A dozen companies are responsible for 70% of the branded packaging pollution found on UK beaches and the environment, charity Surfers Against Sewage has said.



Almost 4,000 citizen science volunteers across the UK collected litter along 13,000 miles of coasts, countryside, streets, rivers and green spaces over the past 12 months, producing data for the annual report into packaging pollution by the ocean conservation charity.

As covered in the London Evening Standard, the report found that 12 companies, led by Coca-Cola, PepsiCo and McDonalds and including other major drinks and snack brand companies, are responsible for most of the packaging carrying branding.

It also found that nearly half of the reported packaging would be covered by an “all-in” deposit return scheme. This would levy a charge that would be paid back to customers when they returned drinks containers for recycling.

Surfers Against Sewage (SAS) is calling on the Government to introduce an all-in deposit return scheme covering drinks containers of all sizes and materials, not just “on-the-go” smaller plastic bottles and cans.

The charity also insists that companies should take responsibility for harmful pollution and the entire lifecycle of their products, reduce their packaging, and adopt “circular” business models that reuse materials rather than letting them go to waste.

Hugo Tagholm, chief executive of Surfers Against Sewage, said: “Year after year, our citizen science brand audit reveals the same huge companies are responsible for the packaging pollution choking our environment. Legislation such as an ‘all-in’ deposit scheme needs to be introduced urgently and governments must hold these companies to account.”

A Coca-Cola spokesperson said: “We share the goal of eliminating plastic waste from the environment and acknowledge that The Coca-Cola Company has a responsibility to help solve this issue. It’s disappointing to see any packaging being littered and that’s why we fully support the introduction of a well-designed deposit return scheme, which we know from results in other countries will encourage people to recycle, rather than litter or throw away.”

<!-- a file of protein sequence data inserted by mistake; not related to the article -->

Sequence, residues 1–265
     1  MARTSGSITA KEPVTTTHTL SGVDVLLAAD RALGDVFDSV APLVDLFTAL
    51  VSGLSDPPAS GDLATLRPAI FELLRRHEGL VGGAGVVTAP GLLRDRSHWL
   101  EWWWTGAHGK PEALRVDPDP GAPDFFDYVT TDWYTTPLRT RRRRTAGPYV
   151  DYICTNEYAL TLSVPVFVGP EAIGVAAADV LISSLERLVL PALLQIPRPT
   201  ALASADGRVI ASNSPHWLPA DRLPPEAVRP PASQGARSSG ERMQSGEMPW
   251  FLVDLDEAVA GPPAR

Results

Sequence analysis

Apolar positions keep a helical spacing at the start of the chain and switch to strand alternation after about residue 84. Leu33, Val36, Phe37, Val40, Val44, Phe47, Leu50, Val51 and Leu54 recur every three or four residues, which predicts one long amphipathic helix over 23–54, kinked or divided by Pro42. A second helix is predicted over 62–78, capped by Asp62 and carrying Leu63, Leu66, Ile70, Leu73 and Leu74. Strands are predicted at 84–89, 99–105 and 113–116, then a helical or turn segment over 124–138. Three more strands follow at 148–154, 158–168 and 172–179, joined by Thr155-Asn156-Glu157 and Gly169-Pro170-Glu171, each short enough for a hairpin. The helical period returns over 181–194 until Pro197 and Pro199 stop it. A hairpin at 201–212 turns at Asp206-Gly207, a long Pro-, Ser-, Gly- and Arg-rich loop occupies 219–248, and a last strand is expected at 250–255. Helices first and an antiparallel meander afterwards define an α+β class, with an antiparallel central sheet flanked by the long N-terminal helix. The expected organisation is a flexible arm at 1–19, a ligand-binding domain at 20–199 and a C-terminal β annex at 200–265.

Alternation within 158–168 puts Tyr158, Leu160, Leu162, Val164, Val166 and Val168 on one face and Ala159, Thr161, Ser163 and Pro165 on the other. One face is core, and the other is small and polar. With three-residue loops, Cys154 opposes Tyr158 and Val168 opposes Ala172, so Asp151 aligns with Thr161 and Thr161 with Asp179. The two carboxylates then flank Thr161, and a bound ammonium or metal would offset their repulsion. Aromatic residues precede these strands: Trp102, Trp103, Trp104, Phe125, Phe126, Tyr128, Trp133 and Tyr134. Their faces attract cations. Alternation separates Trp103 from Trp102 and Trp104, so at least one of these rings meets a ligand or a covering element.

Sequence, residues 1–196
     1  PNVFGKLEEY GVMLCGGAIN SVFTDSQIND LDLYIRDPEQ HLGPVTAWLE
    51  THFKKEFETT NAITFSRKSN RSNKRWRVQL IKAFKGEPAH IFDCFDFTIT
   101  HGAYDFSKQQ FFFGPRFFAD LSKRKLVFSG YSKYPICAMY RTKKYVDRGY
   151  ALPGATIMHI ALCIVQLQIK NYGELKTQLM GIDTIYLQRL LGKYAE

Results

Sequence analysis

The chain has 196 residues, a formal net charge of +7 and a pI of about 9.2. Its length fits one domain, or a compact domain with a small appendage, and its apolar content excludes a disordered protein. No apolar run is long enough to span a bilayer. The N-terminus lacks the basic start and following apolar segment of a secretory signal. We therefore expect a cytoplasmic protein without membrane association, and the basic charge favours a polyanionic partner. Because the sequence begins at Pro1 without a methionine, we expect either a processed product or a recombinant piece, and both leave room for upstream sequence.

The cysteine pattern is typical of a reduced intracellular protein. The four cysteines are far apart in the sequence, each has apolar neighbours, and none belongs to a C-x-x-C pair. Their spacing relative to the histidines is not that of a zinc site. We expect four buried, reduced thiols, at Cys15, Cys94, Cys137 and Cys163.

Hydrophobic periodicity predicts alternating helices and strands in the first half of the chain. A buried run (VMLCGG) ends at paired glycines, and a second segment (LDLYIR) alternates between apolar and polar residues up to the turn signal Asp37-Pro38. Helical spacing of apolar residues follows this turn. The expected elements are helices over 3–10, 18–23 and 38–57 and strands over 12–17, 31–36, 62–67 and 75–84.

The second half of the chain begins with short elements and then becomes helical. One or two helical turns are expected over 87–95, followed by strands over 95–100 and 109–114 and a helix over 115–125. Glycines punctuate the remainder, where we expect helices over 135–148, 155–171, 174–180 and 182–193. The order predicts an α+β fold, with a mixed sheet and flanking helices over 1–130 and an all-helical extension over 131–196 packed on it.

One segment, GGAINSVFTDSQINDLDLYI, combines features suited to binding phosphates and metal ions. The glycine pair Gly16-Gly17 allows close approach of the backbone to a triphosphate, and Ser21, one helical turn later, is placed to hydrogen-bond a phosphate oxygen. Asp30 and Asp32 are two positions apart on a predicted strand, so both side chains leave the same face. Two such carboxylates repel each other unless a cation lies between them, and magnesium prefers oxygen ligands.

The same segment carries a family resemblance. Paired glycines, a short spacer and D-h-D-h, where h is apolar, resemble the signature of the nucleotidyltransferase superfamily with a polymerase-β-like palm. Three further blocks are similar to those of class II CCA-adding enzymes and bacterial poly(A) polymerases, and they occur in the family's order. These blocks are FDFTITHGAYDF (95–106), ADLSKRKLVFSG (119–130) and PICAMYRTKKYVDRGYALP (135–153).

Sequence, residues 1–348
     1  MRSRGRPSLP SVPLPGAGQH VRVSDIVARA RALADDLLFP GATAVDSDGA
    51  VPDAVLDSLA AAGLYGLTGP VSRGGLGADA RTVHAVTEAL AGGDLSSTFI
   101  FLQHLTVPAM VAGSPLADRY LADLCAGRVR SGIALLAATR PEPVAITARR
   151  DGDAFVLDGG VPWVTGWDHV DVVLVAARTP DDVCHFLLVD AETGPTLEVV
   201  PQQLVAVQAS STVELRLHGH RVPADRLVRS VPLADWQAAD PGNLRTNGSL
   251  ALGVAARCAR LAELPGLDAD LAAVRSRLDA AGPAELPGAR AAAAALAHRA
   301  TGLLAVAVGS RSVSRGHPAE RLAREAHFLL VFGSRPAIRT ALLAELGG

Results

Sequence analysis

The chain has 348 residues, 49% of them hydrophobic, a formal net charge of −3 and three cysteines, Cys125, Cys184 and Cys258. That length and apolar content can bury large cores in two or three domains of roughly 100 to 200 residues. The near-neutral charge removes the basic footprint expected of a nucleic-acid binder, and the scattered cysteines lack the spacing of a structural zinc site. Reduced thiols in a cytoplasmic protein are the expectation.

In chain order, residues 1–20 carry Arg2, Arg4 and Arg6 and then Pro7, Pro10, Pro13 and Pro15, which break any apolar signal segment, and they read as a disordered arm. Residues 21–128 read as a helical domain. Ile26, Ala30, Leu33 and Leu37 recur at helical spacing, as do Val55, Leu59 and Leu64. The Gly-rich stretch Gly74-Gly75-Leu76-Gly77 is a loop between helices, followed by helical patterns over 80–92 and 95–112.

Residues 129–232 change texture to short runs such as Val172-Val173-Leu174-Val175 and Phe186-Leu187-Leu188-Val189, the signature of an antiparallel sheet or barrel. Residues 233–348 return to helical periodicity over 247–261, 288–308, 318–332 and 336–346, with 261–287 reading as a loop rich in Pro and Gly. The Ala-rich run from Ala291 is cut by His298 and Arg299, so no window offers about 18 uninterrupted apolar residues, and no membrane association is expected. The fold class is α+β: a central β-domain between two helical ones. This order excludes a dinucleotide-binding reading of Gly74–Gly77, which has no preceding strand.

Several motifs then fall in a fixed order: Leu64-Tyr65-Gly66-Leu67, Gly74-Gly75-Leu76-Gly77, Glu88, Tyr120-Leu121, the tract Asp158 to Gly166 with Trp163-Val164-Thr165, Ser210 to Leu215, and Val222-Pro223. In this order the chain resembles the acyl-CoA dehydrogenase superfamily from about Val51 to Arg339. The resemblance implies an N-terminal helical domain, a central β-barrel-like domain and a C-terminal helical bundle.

The news piece on the SAS brand audit can be read here, a story in Oceanographic here and the SAS press release here. The full ‘Brand Audit’ information and dedicated website can be found at this link.

The UK Government consulted on the introduction of a deposit return scheme in England, Wales and Northern Ireland in March 2021. Scotland will be the first of the four nations to launch a DRS which is due to start on 16 August 2023.

The UK government is yet to publish its response to a consultation on the plan for England, amid increasing fears of a chaotic approach by the different UK nations. A poll of 2,000 adults found households were already struggling to understand existing recycling schemes and were confused by the deposit return scheme concept.

There are examples in other countries where the importance of a consistent, understandable and simple system across internal boundaries has shown to be important for delivery of an efficient and workable deposit return scheme. Published research has pointed out that sub-national policies do not inhibit progress to reducing plastic in the ocean but are not ideal, and that a comprehensive and harmonised container deposit return scheme across internal territorial borders is optimal. The research in Marine Pollution Bulletin can be found here.

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